That being said, I don’t agree with station closures or cutting back staffing levels.
Figure, 20 cities and towns in Bristol County. 20 chiefs, 20 staffs, 20 training facilities, 20 repair shops, 20 piecemeal equipment requests(Dartmouth has three of each). One County eliminates the bureaucracies, all firefighters on same pay scale, same training responding as one cohesive unit. Equipment purchased in quantity at a savings. Total response times faster! They do it around the country, ever hear of L.A. County Fire? No one wants to give up their little club and that’s the problem, they’re getting expensive! It’s a win for everyone except the bloated management of FD’s.
So many questions come to mind, but first, my heart goes out to all the people affected by this tragedy.
This is another example of how valuable the firefighters and EMT’s are.
I can’t help but wonder how many residents in total occupied the building.
Also, only one bathroom per floor is very concerning. How many share that bathroom and what do the building codes say about that?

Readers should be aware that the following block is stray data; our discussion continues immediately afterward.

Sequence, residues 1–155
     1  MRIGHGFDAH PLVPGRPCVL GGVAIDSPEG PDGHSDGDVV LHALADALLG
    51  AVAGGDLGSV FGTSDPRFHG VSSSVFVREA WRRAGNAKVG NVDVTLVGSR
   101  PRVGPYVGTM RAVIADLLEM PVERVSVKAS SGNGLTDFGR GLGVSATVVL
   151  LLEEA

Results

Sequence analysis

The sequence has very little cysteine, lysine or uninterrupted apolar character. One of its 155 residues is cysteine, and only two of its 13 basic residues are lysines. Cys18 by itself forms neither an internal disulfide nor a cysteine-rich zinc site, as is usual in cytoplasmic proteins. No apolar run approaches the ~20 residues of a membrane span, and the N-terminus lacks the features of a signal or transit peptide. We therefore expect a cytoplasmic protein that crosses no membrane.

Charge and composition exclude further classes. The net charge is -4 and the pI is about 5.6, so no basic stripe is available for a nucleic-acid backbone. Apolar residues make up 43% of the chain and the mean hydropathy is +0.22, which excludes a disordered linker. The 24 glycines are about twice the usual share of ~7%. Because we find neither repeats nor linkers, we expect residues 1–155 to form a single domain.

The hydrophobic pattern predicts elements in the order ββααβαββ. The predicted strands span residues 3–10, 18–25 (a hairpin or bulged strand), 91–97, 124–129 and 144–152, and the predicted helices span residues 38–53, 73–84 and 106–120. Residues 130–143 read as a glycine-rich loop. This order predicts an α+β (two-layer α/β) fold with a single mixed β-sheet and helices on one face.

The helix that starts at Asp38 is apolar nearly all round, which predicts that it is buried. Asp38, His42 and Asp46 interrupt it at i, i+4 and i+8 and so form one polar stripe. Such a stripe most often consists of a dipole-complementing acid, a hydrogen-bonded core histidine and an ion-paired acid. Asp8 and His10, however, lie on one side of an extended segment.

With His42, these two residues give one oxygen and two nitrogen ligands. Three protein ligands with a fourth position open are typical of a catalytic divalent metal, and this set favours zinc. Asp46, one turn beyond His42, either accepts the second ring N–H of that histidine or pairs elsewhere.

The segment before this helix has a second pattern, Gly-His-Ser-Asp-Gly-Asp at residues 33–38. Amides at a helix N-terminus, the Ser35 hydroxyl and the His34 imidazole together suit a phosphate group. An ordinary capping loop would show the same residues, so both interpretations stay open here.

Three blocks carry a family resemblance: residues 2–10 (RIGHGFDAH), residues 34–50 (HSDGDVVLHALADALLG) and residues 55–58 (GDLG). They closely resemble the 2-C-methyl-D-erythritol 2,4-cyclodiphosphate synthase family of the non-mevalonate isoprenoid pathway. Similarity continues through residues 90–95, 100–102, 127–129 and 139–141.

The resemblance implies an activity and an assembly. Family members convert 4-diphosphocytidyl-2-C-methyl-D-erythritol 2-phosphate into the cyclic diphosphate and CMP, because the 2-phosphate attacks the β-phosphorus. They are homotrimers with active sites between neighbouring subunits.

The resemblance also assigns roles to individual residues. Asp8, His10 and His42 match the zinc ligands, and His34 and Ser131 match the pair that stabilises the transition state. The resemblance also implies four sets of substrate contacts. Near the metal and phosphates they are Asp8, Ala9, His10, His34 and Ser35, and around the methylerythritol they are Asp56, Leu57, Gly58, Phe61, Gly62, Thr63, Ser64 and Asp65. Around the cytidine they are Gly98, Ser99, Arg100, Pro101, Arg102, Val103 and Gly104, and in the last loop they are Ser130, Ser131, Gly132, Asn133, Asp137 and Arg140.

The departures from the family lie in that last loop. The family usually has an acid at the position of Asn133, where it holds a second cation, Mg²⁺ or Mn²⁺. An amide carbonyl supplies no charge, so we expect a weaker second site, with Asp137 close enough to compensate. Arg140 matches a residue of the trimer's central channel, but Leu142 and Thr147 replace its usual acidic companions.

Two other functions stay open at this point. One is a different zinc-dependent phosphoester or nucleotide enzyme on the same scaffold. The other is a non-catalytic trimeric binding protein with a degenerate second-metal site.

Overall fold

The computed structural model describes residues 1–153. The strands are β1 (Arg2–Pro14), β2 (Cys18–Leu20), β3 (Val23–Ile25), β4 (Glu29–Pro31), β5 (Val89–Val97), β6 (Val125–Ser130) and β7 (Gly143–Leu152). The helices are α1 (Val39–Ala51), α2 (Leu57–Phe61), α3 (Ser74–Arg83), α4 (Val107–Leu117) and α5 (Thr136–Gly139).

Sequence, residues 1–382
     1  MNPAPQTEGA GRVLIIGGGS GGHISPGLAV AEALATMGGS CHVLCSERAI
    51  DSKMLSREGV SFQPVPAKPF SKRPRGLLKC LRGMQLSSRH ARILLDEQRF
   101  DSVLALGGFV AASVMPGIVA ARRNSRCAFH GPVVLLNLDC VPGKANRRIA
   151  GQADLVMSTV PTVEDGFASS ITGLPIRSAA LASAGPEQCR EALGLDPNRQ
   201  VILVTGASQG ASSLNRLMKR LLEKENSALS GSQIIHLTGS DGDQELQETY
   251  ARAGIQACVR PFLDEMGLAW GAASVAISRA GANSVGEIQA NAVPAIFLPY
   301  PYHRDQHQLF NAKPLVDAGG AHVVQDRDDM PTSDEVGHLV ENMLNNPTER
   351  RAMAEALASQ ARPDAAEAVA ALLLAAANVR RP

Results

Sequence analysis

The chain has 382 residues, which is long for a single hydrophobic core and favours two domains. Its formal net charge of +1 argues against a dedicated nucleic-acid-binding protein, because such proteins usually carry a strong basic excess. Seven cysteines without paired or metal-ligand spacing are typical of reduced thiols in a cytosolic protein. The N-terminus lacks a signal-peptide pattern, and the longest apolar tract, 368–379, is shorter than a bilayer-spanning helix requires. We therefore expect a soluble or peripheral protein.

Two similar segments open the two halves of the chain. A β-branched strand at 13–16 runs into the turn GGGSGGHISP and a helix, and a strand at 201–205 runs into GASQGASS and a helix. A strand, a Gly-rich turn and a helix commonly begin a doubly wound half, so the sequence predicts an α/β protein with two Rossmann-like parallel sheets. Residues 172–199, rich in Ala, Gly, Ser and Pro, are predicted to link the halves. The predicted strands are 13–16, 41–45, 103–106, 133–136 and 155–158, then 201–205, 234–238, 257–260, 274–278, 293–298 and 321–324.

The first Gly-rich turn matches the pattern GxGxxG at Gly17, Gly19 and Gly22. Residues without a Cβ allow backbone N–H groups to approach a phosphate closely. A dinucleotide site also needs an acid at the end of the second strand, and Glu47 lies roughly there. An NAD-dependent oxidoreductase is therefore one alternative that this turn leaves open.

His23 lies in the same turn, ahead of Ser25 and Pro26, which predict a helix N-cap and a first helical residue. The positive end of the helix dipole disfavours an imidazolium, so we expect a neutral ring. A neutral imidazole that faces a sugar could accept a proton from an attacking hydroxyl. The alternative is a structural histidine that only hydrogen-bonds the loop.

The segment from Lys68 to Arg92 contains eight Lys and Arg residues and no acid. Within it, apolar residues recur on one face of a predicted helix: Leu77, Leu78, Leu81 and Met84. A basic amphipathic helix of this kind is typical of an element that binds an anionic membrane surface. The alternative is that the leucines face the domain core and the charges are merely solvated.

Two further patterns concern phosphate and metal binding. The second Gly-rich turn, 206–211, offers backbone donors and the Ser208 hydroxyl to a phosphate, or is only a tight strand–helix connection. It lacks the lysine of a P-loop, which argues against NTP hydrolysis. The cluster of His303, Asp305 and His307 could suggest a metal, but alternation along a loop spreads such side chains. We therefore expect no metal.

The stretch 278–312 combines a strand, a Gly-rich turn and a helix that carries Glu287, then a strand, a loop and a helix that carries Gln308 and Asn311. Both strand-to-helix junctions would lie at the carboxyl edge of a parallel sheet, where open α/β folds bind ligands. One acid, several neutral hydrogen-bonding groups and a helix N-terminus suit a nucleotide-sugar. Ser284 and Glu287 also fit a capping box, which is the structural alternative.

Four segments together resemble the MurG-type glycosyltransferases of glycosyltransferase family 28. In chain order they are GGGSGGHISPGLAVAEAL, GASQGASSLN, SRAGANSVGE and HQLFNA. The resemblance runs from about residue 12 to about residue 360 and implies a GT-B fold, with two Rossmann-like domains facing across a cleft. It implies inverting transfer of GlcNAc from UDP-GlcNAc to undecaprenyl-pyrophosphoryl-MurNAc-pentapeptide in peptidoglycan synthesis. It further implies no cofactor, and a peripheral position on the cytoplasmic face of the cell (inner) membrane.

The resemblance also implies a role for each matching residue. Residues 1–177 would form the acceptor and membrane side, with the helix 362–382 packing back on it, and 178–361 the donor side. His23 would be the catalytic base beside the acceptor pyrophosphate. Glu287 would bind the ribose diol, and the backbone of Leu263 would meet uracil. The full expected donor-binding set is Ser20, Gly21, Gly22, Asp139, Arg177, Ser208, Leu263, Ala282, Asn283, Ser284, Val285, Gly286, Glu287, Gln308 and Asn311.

The lack of kitchens makes me wonder if residents used any portable cooking devices such as hotplates.
I trust that there will be a comprehensive investigation that might provide some answers, so that people forced to live in these type of buildings and depend on municipal regulations enforcement to keep them safe, don’t have to die.
You can almost guarantee that people were using hotplates and/or toaster ovens even though they were not allowed. I wonder immediately about what kind of shape the wiring was in, in a building that old. People also tend to stuff a lot of things in those rooms, plenty of kindling. I think that the people who own the building are in for a lot of grief when the investigation is done. I doubt that the place had a hard-wired smoke alarm system, so it’s possible that even if there were smoke detectors it’s possible that the batteries were dead or missing. I pray that some of the owners who purchase these types of buildings for $1.00, simply to bleed people who are down on their luck, will take notice that there are real, live human beings living there! So very, very sad.